I went back to the Science Centre this past weekend for the first time in several decades. It has changed quite a bit but some of the old exhibits still exist in a room called the Science Arcade. The architecture looks a little dated on the outside but holds up fairly well on the inside. As I walked around, I wondered whether people actually learn anything at these museums. There are lots of neat things to play with but do they actually get it. An example is an exhibit of a Cartesian Diver, which consists of a small glass fish inside a cylinder of water. The fish is partially filled with water. The visitor pushes a button that pumps air into the cylinder and the fish sinks to the bottom. However, there wasn’t a detailed explanation of how it works. The write up basically said that as air is pumped into the cylinder the pressure rises and squeezes the air inside the fish. It didn’t say explicitly that the fish had a hole in it so that water could move in and out and as the air in the fish was being squeezed by the water moving in due to the increased pressure, the fish became less buoyant and thus sank. I saw a boy watch the fish sink and say, “how did that happen?” Perhaps, the exhibit will spur his curiosity to learn more about it.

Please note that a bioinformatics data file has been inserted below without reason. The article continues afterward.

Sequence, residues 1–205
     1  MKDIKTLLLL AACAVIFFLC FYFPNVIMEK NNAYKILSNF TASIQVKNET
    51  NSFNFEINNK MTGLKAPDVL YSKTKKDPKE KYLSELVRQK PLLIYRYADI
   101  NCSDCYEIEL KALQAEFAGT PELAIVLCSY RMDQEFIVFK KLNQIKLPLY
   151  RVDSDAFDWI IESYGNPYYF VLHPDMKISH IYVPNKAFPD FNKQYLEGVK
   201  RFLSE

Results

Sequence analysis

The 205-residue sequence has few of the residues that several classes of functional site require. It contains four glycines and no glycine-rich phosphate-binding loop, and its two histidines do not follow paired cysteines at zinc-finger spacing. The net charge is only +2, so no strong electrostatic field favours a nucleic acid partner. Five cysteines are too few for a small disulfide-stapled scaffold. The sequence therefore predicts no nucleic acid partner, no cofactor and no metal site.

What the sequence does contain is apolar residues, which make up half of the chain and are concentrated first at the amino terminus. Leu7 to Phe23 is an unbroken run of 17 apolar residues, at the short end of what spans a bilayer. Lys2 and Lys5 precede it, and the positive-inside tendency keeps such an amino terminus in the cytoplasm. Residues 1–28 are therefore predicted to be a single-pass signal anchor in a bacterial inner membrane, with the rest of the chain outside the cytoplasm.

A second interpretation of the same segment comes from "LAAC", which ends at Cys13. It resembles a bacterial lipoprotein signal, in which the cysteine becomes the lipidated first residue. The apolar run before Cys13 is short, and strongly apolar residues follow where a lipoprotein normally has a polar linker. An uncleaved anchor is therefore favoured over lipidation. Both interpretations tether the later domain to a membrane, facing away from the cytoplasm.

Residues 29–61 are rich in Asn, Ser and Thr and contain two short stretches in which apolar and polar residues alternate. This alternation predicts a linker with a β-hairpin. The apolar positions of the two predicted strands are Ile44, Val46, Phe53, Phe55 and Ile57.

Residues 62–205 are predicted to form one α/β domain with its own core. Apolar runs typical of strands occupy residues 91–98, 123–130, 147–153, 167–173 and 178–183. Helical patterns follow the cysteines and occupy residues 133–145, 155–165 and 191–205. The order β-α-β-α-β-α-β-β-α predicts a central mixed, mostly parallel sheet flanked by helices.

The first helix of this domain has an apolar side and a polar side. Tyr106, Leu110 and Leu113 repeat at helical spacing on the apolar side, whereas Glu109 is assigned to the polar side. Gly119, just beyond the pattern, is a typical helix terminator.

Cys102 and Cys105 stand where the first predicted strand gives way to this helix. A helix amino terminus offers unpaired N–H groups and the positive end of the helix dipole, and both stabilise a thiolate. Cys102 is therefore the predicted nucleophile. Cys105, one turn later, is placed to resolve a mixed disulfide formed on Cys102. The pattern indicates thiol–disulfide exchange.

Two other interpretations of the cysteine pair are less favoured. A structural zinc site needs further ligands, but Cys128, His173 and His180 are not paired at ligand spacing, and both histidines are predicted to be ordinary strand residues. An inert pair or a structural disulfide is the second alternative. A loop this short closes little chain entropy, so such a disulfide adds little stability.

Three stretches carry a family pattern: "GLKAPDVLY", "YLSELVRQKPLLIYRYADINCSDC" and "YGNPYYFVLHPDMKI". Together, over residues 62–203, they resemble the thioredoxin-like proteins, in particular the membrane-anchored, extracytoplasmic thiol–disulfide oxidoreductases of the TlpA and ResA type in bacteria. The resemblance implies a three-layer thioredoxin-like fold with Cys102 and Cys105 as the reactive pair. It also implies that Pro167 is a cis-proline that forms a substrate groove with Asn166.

I believe the current idea of curators who design science museums and exhibits is that science museums should try to make science fun and cool. Thus the exhibits need to been highly interactive and entertaining. Maybe this is the right strategy and people do get a lot out of visiting science museums. I really don’t know. The National Academy of Sciences has a report, which I haven’t read, on this very issue. I think having a science literate public is more important now than ever. Do science museums play an important role in educating the public?
Last Thursday I had to drive from Baltimore to State College, PA for the 16th Congress of the US National Congress on Theoretical and Applied Mechanics to give a talk in one of the sessions. I gave a condensed version of the kinetic theory of coupled oscillators talk I gave in Warwick last month. The theme of the session was on recent advances in nonlinear dynamics so the topics were quite diverse. I’m not sure my talk resonated with the audience. The only question I received was how was this related to the NIH!